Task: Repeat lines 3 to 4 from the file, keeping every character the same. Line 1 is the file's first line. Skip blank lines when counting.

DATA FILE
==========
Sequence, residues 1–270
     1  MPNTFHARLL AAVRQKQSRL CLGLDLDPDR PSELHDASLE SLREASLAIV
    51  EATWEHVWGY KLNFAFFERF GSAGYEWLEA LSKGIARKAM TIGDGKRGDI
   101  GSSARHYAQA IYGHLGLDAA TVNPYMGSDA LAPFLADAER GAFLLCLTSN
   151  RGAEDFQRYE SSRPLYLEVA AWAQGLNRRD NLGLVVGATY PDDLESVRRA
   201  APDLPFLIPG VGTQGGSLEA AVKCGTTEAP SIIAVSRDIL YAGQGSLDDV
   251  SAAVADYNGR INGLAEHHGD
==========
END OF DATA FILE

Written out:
    51  EATWEHVWGY KLNFAFFERF GSAGYEWLEA LSKGIARKAM TIGDGKRGDI
   101  GSSARHYAQA IYGHLGLDAA TVNPYMGSDA LAPFLADAER GAFLLCLTSN